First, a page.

Because of our education and understanding of Canadian politics we find it so hard to believe that the government is making that decisions that are actively detrimental to the Canadian economy and to those who are most vulnerable in our society. We find it impossible to believe that a leader who claims his main goal is economic recovery and job creation is ignoring the road to prosperous future. We find it hard to believe that Canada is spending its money on rich oil companies instead of on social programs and assistance to people in need in Canada and around the world.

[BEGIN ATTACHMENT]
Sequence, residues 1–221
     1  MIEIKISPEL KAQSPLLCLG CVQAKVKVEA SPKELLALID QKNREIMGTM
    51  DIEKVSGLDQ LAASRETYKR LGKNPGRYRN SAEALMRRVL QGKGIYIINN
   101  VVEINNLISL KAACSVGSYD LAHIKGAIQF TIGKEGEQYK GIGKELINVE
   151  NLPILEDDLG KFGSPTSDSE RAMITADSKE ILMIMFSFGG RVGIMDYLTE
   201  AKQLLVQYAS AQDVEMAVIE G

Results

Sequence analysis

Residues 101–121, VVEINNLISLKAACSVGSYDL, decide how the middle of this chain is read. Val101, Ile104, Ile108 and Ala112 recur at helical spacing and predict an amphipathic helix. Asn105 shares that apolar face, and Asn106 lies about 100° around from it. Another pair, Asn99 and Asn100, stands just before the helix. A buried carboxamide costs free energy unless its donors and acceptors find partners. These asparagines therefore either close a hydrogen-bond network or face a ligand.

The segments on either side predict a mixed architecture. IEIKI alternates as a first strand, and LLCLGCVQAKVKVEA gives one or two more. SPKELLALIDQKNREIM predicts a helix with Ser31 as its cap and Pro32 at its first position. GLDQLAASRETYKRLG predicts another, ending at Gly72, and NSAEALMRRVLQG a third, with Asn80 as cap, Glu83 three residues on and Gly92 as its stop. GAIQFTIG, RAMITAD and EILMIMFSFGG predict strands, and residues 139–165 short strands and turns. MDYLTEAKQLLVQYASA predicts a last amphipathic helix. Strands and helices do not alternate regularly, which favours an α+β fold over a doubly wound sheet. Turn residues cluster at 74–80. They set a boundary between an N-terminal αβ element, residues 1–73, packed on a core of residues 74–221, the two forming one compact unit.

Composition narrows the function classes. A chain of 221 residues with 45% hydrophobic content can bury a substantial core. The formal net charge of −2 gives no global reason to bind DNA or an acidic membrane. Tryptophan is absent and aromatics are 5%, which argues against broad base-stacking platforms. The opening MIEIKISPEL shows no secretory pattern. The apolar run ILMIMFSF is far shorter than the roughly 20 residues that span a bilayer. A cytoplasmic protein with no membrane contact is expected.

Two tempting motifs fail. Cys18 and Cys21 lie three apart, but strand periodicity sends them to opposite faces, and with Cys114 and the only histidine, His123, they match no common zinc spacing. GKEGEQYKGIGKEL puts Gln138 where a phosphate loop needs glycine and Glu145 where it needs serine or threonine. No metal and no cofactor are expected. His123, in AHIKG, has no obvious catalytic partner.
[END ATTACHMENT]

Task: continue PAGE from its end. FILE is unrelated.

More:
Believe it!
And join in to create the solutions we want. The fossil fuel industry has used their money and cozy relationship with the government to weaken climate policy. But there is nothing more powerful than people collectively standing up, and working on our own terms to build the future we want.

Leave a Reply

Fill in your details below or click an icon to log in:

WordPress.com Logo

You are commenting using your WordPress.com account. Log Out / Change )

Twitter picture

You are commenting using your Twitter account. Log Out / Change )

Facebook photo

You are commenting using your Facebook account. Log Out / Change )

Google+ photo

You are commenting using your Google+ account. Log Out / Change )

Connecting to %s

%d bloggers like this: